Remembering a time when MySpace was king, pay phones were very necessary, and t-shirt sales were more lucrative than tour grants
THE MELIGROVE BAND with THE BICYCLES and MAYOR MCCA at Lee’s Palace (529 Bloor West), Friday (November 24), doors 8:30 pm. $15. ticketfly.com.
Looking back, it feels like the 00s were a golden age for Canadian indie rock. Arcade Fire were beginning their ascent to their current arena rock status, Broken Social Scene, Metric and Feist were becoming huge critical darlings and the music industry was paying attention.
Through the hype, V2 Records (a Richard Branson-owned subsidiary of Virgin Group) was looking for their own prize Canadian indie gem and they found it in Toronto’s Meligrove Band, releasing their lush, piano-centric album Planets Conspire in 2006. The band was dropped a year later with the label’s sale to Universal. Now, Label Obscura is re-releasing the album as a double LP, free from the loudness wars mastering job V2 secretly ordered, and presented as the band initially intended it.
Though they’ve mostly thrown in the towel, the band will reunite for one final performance at Lee’s Palace. With the return of the Meligroves, along with many of the other indie acts of their time, it’s feeling a lot like 2006 again. But, as bassist Michael Small writes, things have changed. A lot. Below, he takes us through what it was like to be a touring band in those halcyon days, accepting MySpace requests at internet cafes and mapping out their routes in a giant, pleather-bound atlas.
MySpace basically owned indie
In the mid-2000s, most bands did all of their promotion, and even most of their communications, on MySpace. Before we hired a booking agent, venues and promoters would write us there instead of using email. Most bands’ CDs had their MySpace URL on the back instead of a proper website or even email address.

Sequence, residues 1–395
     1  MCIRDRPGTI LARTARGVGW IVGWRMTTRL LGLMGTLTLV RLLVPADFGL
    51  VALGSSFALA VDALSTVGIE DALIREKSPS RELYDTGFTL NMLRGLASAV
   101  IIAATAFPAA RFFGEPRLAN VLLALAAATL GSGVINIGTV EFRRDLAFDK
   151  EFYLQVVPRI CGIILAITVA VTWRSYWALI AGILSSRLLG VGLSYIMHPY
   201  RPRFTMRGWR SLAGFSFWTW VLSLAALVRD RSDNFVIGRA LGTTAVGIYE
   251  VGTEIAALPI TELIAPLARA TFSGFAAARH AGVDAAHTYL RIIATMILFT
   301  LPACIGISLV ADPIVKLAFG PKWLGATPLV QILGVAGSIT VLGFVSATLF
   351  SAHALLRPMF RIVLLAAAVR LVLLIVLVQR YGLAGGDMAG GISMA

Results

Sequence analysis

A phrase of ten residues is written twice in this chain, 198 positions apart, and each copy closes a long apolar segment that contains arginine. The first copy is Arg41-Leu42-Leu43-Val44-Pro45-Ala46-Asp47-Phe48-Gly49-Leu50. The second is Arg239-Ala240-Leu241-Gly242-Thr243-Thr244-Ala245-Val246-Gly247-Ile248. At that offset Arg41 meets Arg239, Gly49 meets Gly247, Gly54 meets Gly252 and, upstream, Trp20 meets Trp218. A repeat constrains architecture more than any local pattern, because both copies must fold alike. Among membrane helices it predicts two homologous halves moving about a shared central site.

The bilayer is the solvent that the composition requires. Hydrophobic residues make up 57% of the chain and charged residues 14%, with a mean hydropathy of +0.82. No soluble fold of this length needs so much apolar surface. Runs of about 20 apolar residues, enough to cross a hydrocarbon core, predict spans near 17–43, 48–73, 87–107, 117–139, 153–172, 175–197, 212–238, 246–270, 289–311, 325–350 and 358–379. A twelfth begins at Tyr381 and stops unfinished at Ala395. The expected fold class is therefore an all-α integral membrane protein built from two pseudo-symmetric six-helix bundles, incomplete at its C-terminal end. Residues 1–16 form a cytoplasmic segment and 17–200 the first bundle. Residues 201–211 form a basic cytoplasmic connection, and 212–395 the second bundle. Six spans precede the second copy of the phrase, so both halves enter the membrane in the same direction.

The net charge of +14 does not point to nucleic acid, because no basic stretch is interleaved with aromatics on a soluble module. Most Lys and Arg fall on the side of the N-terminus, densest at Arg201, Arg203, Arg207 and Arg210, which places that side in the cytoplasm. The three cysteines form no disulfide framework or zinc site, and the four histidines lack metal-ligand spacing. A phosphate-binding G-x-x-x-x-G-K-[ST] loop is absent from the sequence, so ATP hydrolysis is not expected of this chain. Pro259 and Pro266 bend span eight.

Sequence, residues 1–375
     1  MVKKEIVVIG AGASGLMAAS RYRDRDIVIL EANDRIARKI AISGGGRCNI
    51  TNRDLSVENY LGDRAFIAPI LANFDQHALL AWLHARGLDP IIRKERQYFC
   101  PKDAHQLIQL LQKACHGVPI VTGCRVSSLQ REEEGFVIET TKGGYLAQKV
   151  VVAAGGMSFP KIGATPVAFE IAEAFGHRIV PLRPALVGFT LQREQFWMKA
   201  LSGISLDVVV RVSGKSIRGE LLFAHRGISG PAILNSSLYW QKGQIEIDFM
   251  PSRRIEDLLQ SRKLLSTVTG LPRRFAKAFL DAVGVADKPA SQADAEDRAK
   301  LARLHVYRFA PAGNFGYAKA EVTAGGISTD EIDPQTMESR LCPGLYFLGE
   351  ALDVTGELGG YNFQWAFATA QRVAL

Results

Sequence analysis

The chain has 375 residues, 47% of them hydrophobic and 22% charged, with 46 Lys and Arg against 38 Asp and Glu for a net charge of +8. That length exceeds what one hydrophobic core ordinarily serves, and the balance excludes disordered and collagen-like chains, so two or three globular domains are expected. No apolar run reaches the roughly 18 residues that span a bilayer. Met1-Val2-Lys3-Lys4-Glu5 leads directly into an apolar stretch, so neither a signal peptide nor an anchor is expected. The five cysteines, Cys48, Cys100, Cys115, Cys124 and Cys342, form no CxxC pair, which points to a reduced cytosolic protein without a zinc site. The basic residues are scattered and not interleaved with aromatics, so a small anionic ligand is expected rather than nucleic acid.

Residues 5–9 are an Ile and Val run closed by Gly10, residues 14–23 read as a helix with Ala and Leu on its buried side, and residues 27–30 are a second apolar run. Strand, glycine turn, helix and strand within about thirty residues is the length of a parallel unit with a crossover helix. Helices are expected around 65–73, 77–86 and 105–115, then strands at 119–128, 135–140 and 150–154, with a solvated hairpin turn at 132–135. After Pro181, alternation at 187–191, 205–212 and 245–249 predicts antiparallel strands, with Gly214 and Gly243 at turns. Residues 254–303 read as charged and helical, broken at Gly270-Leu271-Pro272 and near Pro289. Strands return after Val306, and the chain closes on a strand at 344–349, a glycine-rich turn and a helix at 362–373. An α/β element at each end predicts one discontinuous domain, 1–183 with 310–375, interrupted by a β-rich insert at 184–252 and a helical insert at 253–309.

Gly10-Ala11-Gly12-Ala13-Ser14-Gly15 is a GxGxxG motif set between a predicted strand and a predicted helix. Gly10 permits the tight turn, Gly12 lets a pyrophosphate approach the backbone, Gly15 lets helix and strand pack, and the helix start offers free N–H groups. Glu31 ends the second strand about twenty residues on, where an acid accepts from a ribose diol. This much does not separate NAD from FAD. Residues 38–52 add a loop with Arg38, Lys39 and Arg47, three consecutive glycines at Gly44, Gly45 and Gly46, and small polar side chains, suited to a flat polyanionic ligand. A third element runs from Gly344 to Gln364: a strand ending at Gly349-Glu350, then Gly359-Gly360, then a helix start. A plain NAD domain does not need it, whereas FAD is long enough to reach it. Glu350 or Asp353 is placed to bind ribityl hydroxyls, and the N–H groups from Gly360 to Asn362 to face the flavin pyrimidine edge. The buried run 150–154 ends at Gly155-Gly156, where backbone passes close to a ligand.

At the merch table, people checked the backs of our CDs for songs they knew from MySpace, while signing up for our email list – which we then used to just send people our MySpace URL. Then we’d accept their friend requests and send them our next whack of dates.
Once we got added by a band called Joe Clark and the Progressive Conservatives. I went to their profile and it was just the music player full of the actual jingles from Joe Clark’s winning 1979 election campaign. I figured it was a young prankster from either the CBC archives or a fictional Tory youth group. Either way, those songs were awful.
Who needs FACTOR? CDs and t-shirts could fund entire tours
The mid-2000s was a special time when band t-shirts were super popular – especially if you printed your logo on the collarbone or down by the waist… but let’s try to remember the good stuff. I used to cab home from a basement warehouse on Spadina with hundreds of shirts I got for $3 each, silkscreen them in my kitchen on Harbord and sell them for $10 at our shows. We filled three huge plastic tubs with them. Between those, our massive Traynor amps and CD boxes in every cranny and lining the floor under each seat, our 1989 Econoline could barely make it up the hills of northern Ontario.